To commemorate the 100th anniversary of permanent Hutterite settlement in Manitoba, the Hutterian Brethren Book Centre is pleased to host the inaugural Jacob D. Maendel Centennial Lecture series.
Lecture 1: Beginnings: Coming to Manitoba
Date: June 1, 2019
Time: 1:00-2:30 pm.
Lecture 2: “Like the World, Only Later in Time”: The Struggle with Acculturation
Date: June 8, 2019
Time: 9:30-11:00 am.
Lecture 3: (Dis)Uniting: Sources of Hope Amid Conflict
Date: June 8, 2019
Time: 1:00-2:30 pm.
Trinity United Church
15 Tupper Street S.
Portage la Prairie, MB
Ian Kleinsasser is an independent researcher based out of Crystal Spring Hutterite Community near St. Agathe, MB. He holds a Bachelor of Arts and an Education after degree from Brandon University. Ian has given numerous presentations at the annual conference for Hutterite German teachers and at the International Conference for Hutterite Educators. His groundbreaking article on the 1992 Schmiedeleut church schism will be published in Navigating Tradition and Innovation on the Hutterian Brethren Book Centre imprint this summer. Ian’s research focuses primarily on the Hutterianism of the 19th-20th centuries. Ian is the busy father of five lively children who are a constant reminder of why he pursues historical research. His work would not be possible without the dedication and support of his wife, Jolene. Jacob D. Maendel, the namesake of this lecture series, is his maternal grandfather.
Lecture 1 | Beginnings: Coming to Manitoba
The first lecture will focus on the early settlement period (1918-1930). Main themes include:
- The factors which caused Hutterites to leave South Dakota and settle in Canada, including a description of the actual settlement process in Manitoba.
- The discrimination Hutterites encountered, such as the Order in Council which temporarily halted their emigration into Canada, and the significant changes to the Hutterite education system imposed by the provincial government.
- The first contact between North American Hutterites and the German Bruderhof movement.
Lecture 2 | “Like the World, Only Later in Time”: The Struggle with Acculturation
The second lecture will focus on the period between 1930-1974. Its main themes include:
- The impact of the Great Depression, the return of Eldership among the Schmiedeleut, the visit to Germany by two Hutterite ministers, and the subsequent Bruderhof exodus from Germany.
- Hutterites’ experience during WWII and how this led to the passing of discriminatory legislation in Alberta and a Gentleman’s Agreement in Manitoba.
- The Bruderhof’s move to Paraguay, the breaking of relations with the Hutterites in 1955 (Forest River Incident) and the reuniting in 1974.
Lecture 3 | (Dis)uniting: Sources of Hope Amid Conflict
The final lecture will develop some of the topics briefly introduced in the second lecture, beginning with the Hutterite-Bruderhof reuniting in 1974. Its main themes are:
- The struggle for higher education, increased mission work, and the mixed bag of ‘blessings’ that come from increased interaction with “the world”.
- A renewed interest in communalism, which brings outsiders into the Hutterite movement.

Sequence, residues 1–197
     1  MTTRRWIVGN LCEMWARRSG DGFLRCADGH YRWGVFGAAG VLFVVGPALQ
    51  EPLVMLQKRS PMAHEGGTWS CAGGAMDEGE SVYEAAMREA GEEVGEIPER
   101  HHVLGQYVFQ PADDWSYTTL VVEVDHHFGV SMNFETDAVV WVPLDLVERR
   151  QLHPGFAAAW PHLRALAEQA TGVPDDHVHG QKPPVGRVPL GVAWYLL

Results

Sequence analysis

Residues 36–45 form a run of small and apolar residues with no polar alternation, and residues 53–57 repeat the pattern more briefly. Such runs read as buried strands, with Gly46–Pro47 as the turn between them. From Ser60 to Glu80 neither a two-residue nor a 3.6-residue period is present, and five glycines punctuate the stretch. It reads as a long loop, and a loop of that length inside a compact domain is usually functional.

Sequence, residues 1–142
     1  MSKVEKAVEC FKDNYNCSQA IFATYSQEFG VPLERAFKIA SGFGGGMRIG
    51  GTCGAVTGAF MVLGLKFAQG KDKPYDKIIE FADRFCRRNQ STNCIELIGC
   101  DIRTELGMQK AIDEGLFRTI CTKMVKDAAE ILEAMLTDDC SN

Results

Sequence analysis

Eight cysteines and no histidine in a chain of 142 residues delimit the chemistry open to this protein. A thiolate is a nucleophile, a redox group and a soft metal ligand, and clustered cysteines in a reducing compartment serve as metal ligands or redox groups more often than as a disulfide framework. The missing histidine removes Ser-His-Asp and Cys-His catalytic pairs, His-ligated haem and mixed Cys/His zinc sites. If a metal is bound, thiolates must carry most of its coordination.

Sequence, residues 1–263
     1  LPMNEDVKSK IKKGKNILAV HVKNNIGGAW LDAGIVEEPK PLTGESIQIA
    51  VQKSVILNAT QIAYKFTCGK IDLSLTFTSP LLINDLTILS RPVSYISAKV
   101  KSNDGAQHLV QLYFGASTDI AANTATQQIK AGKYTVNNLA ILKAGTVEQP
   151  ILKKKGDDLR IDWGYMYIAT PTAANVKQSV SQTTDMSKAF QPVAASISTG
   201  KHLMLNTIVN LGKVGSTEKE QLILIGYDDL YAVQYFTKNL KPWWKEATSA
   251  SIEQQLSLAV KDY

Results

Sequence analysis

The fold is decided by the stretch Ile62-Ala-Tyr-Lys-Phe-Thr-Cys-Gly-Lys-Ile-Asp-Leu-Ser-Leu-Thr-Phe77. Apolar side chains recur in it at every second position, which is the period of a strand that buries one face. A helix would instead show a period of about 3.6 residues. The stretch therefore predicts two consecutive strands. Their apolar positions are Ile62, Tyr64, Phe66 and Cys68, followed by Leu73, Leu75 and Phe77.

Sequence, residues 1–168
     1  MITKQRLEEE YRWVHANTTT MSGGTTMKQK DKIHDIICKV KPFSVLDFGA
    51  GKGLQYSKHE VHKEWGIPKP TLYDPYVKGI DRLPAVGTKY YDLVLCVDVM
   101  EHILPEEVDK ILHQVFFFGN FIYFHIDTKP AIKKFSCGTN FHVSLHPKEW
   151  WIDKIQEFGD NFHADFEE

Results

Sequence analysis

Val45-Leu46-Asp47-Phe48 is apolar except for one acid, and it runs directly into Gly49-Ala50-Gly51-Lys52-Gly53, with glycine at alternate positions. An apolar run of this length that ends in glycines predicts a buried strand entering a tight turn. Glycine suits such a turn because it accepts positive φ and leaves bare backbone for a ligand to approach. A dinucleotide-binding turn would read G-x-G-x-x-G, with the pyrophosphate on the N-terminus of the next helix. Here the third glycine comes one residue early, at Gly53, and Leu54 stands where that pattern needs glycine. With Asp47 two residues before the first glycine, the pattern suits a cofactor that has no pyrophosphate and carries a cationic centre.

- The Schmiedeleut schism of 1992 and the separation of the Bruderhof and Hutterite movements.
Biography of Jacob D. Maendel
Jacob D. Maendel was a Hutterite teacher, pastor, and community leader. Born in 1911 at Rosedale Community near Alexandria, South Dakota, he migrated to Manitoba in 1918 when Hutterites fled political persecution because of their commitment to nonviolence. He was chosen as minister in 1949 at New Rosedale Community and went on to become widely regarded as a leader ahead of his time.
In an era when it was considered good economic sense to clear wooded land for use as fertile farmland, he insisted that strips of forest be conserved as ecological buffer zones. Both the task of selecting the site for a new community and the work of establishing Fairholme Community (1957–1959) was informed by his deep appreciation for nature: Jacob insisted on an acreage of bush above the Assiniboine River, and ensured that the natural environment remains as intact as possible, thereby gaining a reputation as “a staunch defender of trees.”
Jacob Maendel also had an ecumenical vision. Although Hutterites of the mid-20th century were characterized by exclusivism and sectarianism, Jacob was open to learning from non-Hutterites in a way that was enriching for the larger Hutterian Community. His outward-looking vision of faithful Christian discipleship lead to newcomers—families, as well as single adults—visiting New Rosedale: some stayed briefly, while others became permanent members.
Despite his basic grade seven education, he was a self-educated life-long learner who read widely and introduced his students to great thinkers like Dietrich Bonhoeffer, Sigmund Freud, Helen Keller, and John Milton. Maendel understood the value of a culturally sensitive education and his vision lead to the teaching career of Peter Maendel—the first Hutterite to attend and graduate from the Manitoba Teacher’s College. This resulted in the unique dynasty of Maendel educators among Manitoba Hutterites today.
Ultimately, Jacob’s vision and focus were the impetus for a surge of interest in education among Schmiedeleut I Hutterites that has culminated in nearly one hundred Hutterite teachers holding Arts and Education degrees and teaching Hutterite children in their respective communities.
Jacob Maendel died in 1972. With gratitude to God for the work, witness, and inspiration of Jacob D. Maendel, we name this centennial lecture series in his honour.